Friday, April 27, 2012

Doomsday Shelter Being Built Below Kansas Prairie


The 'Doomsday shelter' being built below Kansas prairie where millionaires will be able to sit out the Apocalypse in style.

Four buyers have already invested in condos below the ground.

Fears range from pandemics, terrorism and solar flares.

Indoor farm to provide fish and vegetables for 70 people for as long as necessary.

Eddie Wrenn
April 10, 2012

When you buy a house, you end up feeling like you will be paying it off until the world ends.

Well, how about one of these luxurious condos, which come with all the mod-cons, as well as a pool, a movie theater and a library - oh, and a guarantee that it will survive Doomsday if and when that fateful day comes.

For these luxury flats, deep below the Kansas prairie in the shaft of an abandoned missile silo, are meant to withstand everything from economic collapse and solar flares to terrorist attacks and pandemics.


Naturally, there will be no one around to phone if the guarantee fails - but at that point, the insurance will probably be the least of your worries.

So far, four buyers have thrown down a total of about $7million (£4.4m) for havens to flee to when disaster happens or the end is nigh. And developer Larry Hall has options to retro-fit three more Cold War-era silos when this one fills up.

Hall said: 'They worry about events ranging from solar flares, to economic collapse, to pandemics to terrorism to food shortages.'


These 'doomsday preppers', as they are called, want a safe place and he will be there with them because Hall, 55, bought one of the condos for himself. He says his fear is that sun flares could wipe out the power grid and cause chaos.

He and his wife and son live in Denver and will use their condo mostly as a vacation home, he says, but if the grid goes, they will be ready.

Hall isn't the first person to buy an abandoned nuclear missile silo and transform at least part of it into a shelter.


Built to withstand an atomic blast, even the most paranoid can find comfort inside concrete walls that are nine feet thick and stretch 174 feet (53 meters) underground.

Instead of simply setting up shop in the old living quarters provided for missile operators, Hall is building condos right up the missile shaft.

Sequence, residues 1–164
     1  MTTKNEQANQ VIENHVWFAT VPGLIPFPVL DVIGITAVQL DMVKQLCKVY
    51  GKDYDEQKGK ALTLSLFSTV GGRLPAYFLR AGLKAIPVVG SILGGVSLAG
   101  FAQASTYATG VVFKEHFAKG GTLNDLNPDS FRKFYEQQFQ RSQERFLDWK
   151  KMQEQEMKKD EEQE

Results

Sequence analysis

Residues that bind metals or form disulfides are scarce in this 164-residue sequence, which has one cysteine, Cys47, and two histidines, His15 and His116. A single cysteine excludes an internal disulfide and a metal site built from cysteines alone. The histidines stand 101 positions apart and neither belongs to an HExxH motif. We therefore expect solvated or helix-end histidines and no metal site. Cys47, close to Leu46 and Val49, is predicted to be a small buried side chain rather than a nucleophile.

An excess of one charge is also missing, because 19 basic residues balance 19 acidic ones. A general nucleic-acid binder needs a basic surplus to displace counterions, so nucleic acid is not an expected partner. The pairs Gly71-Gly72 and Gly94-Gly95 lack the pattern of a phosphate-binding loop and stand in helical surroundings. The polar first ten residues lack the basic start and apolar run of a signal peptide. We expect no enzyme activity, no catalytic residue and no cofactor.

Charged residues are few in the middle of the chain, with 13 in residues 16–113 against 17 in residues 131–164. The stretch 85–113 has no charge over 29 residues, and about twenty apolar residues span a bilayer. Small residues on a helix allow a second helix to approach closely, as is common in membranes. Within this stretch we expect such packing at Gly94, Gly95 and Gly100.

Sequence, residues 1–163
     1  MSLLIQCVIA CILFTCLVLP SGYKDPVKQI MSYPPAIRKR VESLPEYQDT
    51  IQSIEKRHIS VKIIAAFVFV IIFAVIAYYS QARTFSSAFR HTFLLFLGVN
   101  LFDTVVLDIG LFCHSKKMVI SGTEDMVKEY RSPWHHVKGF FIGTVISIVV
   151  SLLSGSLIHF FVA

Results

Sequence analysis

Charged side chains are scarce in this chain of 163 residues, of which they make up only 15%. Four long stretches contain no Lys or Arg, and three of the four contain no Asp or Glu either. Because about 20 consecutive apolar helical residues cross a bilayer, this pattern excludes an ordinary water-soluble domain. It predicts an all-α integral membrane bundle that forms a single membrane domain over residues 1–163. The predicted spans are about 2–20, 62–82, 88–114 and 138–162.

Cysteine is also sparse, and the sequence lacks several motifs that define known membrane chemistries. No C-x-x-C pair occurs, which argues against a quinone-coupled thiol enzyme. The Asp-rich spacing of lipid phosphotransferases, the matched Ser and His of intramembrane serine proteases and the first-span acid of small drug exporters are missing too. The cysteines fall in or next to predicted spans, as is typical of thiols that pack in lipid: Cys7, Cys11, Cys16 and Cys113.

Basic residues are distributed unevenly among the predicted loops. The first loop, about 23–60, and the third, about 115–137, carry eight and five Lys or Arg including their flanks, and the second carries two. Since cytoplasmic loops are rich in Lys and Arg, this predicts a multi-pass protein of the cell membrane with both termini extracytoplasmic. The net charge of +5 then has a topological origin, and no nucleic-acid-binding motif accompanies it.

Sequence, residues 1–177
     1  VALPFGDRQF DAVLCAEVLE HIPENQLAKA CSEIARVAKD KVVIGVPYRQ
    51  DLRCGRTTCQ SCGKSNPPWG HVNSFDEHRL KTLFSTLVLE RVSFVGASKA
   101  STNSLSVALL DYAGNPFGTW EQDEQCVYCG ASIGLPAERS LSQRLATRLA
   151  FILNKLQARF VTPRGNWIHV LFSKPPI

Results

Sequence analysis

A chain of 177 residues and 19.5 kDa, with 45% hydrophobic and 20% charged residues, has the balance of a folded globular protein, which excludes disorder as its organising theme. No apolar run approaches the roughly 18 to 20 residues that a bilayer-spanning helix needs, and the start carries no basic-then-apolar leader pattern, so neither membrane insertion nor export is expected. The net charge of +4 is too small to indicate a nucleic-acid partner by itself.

Seven of the 14 underground floors will be condo space selling for $2 million a floor or $1 million a half floor. Three and a half units have been sold, two contracts are pending and only two more full units are available, Hall said.


For now, metal stairs stretch down to connect each floor but an elevator will later replace them. The units are within a steel and concrete core inside the original thick concrete, which makes them better able to withstand earthquakes.

Hall is also installing an indoor farm to grow enough fish and vegetables to feed 70 people for as long as they need to stay inside and also stockpiling enough dry goods to feed them for five years.


The top floor and an outside building above it will be for elaborate security.
Other floors will be for a pool, a movie theater and a library, and when in lockdown mode there will be floors for a medical center and a school.

Complex life support systems provide energy supplies from sources of conventional power, as well as windmill power and generators.


Giant underground water tanks will hold water pre-filtered through carbon and sand. And, of course, an elaborate security system and staff will keep marauding hordes out.

The condo elevator will only operate if a person's fingerprint matches its system, Hall said. Cameras will monitor a barbed-wire topped fence and give plenty of warning of possible intruders. Responses can range from a warning to lethal force.




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